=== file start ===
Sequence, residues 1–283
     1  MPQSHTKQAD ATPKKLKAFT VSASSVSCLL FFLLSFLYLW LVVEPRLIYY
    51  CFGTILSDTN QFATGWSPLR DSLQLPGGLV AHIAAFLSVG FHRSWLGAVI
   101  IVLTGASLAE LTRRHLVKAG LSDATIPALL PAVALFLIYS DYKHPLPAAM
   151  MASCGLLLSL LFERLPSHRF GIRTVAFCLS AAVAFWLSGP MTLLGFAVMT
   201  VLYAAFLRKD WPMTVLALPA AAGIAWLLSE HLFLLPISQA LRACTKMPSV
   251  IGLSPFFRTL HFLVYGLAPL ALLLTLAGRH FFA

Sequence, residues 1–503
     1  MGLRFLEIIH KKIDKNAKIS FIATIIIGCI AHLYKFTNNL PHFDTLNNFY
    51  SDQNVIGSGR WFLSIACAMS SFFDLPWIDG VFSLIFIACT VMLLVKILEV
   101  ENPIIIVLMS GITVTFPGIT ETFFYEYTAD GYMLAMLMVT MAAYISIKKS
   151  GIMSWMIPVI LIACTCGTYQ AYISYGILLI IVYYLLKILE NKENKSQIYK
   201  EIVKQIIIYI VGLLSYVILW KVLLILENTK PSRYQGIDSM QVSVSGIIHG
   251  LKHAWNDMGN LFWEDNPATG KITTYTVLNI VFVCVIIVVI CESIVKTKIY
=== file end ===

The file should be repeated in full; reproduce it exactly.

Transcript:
Sequence, residues 1–283
     1  MPQSHTKQAD ATPKKLKAFT VSASSVSCLL FFLLSFLYLW LVVEPRLIYY
    51  CFGTILSDTN QFATGWSPLR DSLQLPGGLV AHIAAFLSVG FHRSWLGAVI
   101  IVLTGASLAE LTRRHLVKAG LSDATIPALL PAVALFLIYS DYKHPLPAAM
   151  MASCGLLLSL LFERLPSHRF GIRTVAFCLS AAVAFWLSGP MTLLGFAVMT
   201  VLYAAFLRKD WPMTVLALPA AAGIAWLLSE HLFLLPISQA LRACTKMPSV
   251  IGLSPFFRTL HFLVYGLAPL ALLLTLAGRH FFA

Sequence, residues 1–503
     1  MGLRFLEIIH KKIDKNAKIS FIATIIIGCI AHLYKFTNNL PHFDTLNNFY
    51  SDQNVIGSGR WFLSIACAMS SFFDLPWIDG VFSLIFIACT VMLLVKILEV
   101  ENPIIIVLMS GITVTFPGIT ETFFYEYTAD GYMLAMLMVT MAAYISIKKS
   151  GIMSWMIPVI LIACTCGTYQ AYISYGILLI IVYYLLKILE NKENKSQIYK
   201  EIVKQIIIYI VGLLSYVILW KVLLILENTK PSRYQGIDSM QVSVSGIIHG
   251  LKHAWNDMGN LFWEDNPATG KITTYTVLNI VFVCVIIVVI CESIVKTKIY